Ketchup was originally a sauce composed of the juices of edible fungi, salted for preservation and spiced. The Dutch imported large amounts of this Chinese dish in the 18th Century. It was spelled “ketjap” by the Dutch from the Chinese word “ke-tsiap.”
There are several sources for this word, but I like the one which says it came from two Latin words: “sine,” meaning “without” and “cera,” meaning “wax.” Reportedly, Roman artisans used wax to fill cracks and holes in furniture, so the “sine” and “cera” became to mean “without flaws.”
In the early 1900s in the U.S., “jitney” became to mean “a nickel.” The word then transformed into meaning a passenger vehicle for which the fare was five cents. In A Desk-Book of Idioms and Idiomatic Phrases,” it is suggested that the word might have been a corruption of “jetnee” or the French “jeton” (which means a token or counter).
There are those who think the word came about as the plant is indigenous in the Holy Land. However, as I am a great fan of the story of St. Cuthert (and the plant is also known as “St. Cuthbert’s cole”), I choose the idea the plant’s name came either from the holy man St. Cuthbert or even from the mystical island, Holy Island, off the coast of Northumberland, to which St. Cuthbert retreated in the 7th Century.
To Knock into a Cocked Hat:
This phrase comes the hats worn by both the American and British soldiers during the Revolutionary War. The tricorn hats were often criticized because the brim was turned up upon all sides and of little use. Therefore, to knock a fellow soldier into a cocked hat was to knock the man useless. The phrase was first used in print in 1833 by James Kirke Paulding in “Banks of the Ohio.”
Those who know the Bible know of the story of Jeremiah and Ezekiel and the ancient proverb which says, “The fathers have eaten sour grapes, and the children’s teeth are set on edge.” One can also find a possible root in Aesop’s “The Fox and the Grapes.” Today we comfort ourselves with the idea that what in unattainable would only be “sour grapes,” after all.
This expression only dates back to the time of Queen Elizabeth. Prior to that time, one would say “upsedown” to indicate an item is overturned or in a state of disorder. It was originally “up so down.”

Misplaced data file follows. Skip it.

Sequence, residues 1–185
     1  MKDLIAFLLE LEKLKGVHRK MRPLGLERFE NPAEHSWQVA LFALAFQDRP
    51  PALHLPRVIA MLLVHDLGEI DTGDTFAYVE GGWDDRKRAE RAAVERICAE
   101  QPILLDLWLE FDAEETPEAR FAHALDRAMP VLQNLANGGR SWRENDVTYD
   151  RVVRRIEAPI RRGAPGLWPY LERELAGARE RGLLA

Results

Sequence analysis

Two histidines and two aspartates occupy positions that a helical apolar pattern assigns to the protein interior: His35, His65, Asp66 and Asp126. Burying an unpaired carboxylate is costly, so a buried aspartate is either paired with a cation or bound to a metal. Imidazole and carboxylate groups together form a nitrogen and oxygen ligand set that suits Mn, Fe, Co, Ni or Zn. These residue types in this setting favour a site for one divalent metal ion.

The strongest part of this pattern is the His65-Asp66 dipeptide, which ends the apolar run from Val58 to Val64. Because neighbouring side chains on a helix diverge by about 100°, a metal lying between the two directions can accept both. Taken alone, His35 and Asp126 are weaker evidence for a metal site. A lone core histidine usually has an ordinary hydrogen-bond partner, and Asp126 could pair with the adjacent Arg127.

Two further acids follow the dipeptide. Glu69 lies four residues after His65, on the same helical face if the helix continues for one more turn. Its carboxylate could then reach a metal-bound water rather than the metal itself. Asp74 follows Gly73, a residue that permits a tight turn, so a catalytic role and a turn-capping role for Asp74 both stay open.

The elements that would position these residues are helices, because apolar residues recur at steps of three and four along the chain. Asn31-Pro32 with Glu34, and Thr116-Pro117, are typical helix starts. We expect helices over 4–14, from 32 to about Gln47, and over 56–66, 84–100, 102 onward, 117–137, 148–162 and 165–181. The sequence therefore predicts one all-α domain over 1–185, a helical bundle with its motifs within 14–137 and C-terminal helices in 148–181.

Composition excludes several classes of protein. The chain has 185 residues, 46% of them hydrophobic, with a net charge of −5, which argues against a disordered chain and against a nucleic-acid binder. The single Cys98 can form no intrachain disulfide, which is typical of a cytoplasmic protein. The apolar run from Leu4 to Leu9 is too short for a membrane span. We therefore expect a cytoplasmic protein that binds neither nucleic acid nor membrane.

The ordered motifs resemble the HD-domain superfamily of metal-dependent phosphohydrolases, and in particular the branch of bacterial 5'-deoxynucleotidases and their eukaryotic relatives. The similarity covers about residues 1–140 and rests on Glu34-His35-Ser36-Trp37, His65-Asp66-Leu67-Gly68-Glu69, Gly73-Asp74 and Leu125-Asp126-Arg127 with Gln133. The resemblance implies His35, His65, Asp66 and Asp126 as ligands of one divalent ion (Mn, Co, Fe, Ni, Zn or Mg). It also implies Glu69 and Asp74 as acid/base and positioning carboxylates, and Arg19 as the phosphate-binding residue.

Handwriting on the Wall:
In the fifth chapter of Daniel in the Old Testament, Belshazzar celebrates his accession to his father’s throne upon Nebuchadnezzar’s death. Belshazzar held a great feast and to signal his subjugation of the Jews, Belshazzar removed the golden vessels from the temple at Jerusalem, and he and his household and his concubines drank from them. Then “came forth fingers of a man’s hand, and wrote over against the candlestick upon the plaster of the wall.” The finger wrote “Mene, mene, tekel, upharsin.” Belshazzar demanded the Jewish prophet, Daniel, translate the words meanings: “This is the interpretation of the thing: Mene; God hath numbered thy kingdom, and finished it. Tekel‘ Thou art weighed in the balances, and art found wanting. Peres; Thy kingdom is divided, and given to Medes and Persians.” The fifth chapter ends with “In that night was Belshazzar the king of the Chaldeans slain. And Darius the Median took the kingdom.”
To Ride the Goat:
Likely, this term comes from the initiation of young men into secret collegiate societies. The earliest mention of the phrase in print come from George Wilbur Peck in Chapter 19 of Peck’s Bad Boy and His Pa (1883). “Pa” is given the instructions to say “A pilgrim who wants to join your ancient order and ride the goat,” when he asked if he wishes to be ‘nishiated.
A Donnybrook Fair:
Donnybrook, which is now part of Dublin, where a riotous fair was staged each August for some six centuries, beginning in 1204. The fair ended in 1885, but over the nearly 600 years of its life melees marked the annual week-long celebration. The phrase has come to mean strife of the most severe sort.
To Lose One’s Shirt:
In Chaucer’s “The Wyf of Bathes Tale,” we find “Who that holt him payd of his povert, I holde him riche al [though] had he nought a schert.”